Cat, kitten drop-offs overwhelm L.A. woman
People she didn't know kept dumping cats in her yard, then the feral cats came for the food and then there were kittens and soon Lucille Aguilera was spending too much money, her health was in danger and she needed help.
Which she received on Friday when humane officers rounded up 30 cats and kittens from the home of the frail, 79-year-old woman.
Aguilera was warned by her doctor, her daughter and her care worker that she needed help, said Madeline Bernstein, president of the Society for the Prevention of Cruelty to Animals Los Angeles. Aguilera cooperated with humane officers to come up with a roundup plan.
"I'm glad they came," Aguilera said.
Lazy people, sneaks and strangers used her, Bernstein said.
"I am just crying because I have to get rid of them. I don't know why they don't take them to the shelter. They just drop them off and leave them here. Some got run down in the alley. I hate to see cats die. I feel sorry for the cats. It makes me feel bad because I love cats," Aguilera said.
Instead of taking unwanted pets to the shelter, people left them in her yard.
"She is not a classic hoarder with hoarder disorders. She is somebody good-natured, using her money to feed and care for the cats. People were taking advantage of her. She knew she needed help," Bernstein said.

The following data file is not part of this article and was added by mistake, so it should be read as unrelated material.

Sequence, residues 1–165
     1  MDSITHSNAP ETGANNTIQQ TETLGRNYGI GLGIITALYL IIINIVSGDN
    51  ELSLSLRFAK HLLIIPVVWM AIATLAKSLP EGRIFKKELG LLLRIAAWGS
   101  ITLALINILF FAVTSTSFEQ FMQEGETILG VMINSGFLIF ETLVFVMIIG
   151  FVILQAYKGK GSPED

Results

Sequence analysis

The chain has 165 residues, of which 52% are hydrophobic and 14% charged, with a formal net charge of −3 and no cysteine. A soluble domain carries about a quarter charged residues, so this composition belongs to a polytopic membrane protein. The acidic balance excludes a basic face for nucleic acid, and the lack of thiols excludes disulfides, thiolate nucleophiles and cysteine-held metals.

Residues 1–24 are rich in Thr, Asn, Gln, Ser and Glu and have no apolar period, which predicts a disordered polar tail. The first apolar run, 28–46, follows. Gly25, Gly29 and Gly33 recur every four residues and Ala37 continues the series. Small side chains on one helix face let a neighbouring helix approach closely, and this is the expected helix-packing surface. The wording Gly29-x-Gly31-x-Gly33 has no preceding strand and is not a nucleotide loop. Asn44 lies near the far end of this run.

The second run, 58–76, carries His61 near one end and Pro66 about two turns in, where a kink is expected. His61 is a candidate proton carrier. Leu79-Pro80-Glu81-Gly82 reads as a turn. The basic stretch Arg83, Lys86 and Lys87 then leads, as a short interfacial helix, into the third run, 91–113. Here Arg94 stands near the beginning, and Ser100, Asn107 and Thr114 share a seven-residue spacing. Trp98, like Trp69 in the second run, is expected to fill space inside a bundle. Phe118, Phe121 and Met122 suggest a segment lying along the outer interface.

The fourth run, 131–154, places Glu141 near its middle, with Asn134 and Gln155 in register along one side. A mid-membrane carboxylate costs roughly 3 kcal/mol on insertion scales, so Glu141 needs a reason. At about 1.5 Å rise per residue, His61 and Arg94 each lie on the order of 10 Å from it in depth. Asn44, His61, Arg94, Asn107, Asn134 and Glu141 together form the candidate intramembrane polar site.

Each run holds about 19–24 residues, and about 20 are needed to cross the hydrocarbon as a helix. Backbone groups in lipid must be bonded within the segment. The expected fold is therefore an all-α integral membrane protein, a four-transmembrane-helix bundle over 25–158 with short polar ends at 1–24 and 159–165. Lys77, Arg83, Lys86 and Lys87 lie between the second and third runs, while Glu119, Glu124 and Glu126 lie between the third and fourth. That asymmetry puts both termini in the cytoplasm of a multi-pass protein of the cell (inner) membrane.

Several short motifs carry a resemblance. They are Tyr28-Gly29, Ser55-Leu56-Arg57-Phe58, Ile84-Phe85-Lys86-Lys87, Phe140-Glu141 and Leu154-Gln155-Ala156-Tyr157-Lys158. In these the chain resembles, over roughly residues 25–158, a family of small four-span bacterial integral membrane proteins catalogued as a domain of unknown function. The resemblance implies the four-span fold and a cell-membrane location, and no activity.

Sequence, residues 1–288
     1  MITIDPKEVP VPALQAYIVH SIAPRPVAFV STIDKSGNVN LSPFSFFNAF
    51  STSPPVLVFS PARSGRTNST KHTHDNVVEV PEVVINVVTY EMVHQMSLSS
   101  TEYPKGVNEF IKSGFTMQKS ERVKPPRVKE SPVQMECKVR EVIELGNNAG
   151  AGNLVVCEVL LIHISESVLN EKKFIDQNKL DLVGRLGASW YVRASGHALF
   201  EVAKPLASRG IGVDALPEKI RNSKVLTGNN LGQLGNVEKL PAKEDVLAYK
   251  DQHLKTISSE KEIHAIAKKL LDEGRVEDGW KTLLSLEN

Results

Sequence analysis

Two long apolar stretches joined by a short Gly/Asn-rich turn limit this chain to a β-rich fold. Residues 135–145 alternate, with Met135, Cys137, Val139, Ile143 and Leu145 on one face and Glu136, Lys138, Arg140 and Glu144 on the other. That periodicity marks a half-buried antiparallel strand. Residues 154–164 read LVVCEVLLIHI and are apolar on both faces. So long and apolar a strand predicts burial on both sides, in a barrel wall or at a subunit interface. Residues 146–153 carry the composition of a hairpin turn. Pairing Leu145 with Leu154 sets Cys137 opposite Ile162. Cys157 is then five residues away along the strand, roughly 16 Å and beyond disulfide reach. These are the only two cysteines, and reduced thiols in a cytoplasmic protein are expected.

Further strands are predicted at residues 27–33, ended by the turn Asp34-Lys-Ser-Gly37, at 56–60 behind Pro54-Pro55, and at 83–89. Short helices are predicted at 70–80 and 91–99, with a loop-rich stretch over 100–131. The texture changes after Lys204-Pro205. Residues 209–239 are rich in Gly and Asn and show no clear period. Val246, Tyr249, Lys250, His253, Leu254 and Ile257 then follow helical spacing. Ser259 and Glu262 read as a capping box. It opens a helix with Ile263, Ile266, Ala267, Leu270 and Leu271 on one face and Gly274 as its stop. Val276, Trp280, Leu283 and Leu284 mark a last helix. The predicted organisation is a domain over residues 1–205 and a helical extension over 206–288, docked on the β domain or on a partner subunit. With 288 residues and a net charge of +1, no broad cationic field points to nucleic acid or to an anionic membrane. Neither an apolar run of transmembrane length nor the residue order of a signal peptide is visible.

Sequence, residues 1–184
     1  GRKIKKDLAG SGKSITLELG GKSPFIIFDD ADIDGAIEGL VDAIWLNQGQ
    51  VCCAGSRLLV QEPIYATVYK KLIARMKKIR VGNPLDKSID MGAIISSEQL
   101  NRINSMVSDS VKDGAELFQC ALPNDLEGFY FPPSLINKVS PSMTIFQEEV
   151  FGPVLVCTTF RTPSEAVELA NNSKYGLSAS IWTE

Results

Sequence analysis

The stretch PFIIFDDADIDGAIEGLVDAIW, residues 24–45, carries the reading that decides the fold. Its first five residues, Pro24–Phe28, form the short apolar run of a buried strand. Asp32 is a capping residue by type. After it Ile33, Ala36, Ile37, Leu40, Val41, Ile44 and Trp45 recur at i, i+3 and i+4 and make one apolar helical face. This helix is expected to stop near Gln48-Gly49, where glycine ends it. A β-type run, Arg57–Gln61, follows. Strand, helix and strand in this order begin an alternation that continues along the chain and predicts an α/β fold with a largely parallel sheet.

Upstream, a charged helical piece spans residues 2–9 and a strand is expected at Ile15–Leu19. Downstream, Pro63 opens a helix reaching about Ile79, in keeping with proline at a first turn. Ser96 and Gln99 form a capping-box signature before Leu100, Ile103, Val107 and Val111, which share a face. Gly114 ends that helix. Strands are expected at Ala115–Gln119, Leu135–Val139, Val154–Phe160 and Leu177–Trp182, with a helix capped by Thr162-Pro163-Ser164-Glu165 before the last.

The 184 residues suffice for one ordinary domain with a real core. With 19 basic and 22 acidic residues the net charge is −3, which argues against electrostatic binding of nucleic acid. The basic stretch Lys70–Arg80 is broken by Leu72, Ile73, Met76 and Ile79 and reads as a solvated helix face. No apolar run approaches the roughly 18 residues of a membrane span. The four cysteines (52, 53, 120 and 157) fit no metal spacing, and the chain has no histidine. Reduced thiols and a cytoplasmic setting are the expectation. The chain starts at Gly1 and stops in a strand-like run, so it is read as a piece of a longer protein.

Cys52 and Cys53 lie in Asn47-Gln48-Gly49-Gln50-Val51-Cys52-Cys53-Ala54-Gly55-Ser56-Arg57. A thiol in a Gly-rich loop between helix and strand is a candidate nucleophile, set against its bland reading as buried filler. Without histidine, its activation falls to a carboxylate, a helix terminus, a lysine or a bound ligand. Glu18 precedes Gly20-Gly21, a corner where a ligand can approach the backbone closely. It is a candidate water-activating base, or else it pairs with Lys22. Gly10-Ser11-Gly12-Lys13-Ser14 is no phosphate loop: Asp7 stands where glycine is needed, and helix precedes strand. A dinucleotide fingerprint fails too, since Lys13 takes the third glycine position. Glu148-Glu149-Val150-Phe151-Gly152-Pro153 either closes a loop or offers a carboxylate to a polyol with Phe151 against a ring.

It is a misdemeanor to deliberately abandon an animal anywhere in California.
All the cats were fed and watered, Bernstein said, but Aguilera didn't have much money and could barely afford food, much less veterinarian bills.
The cats were taken to the South Bay Pet Adoption Center, where vets will examine them. After a quarantine period, the healthy cats will be put up for adoption, Bernstein said. All except two, that is.
Aguilera, who said she has diabetes, high blood pressure and bladder problems, has been promised that she will get Tabby and Daisy back - after they are spayed.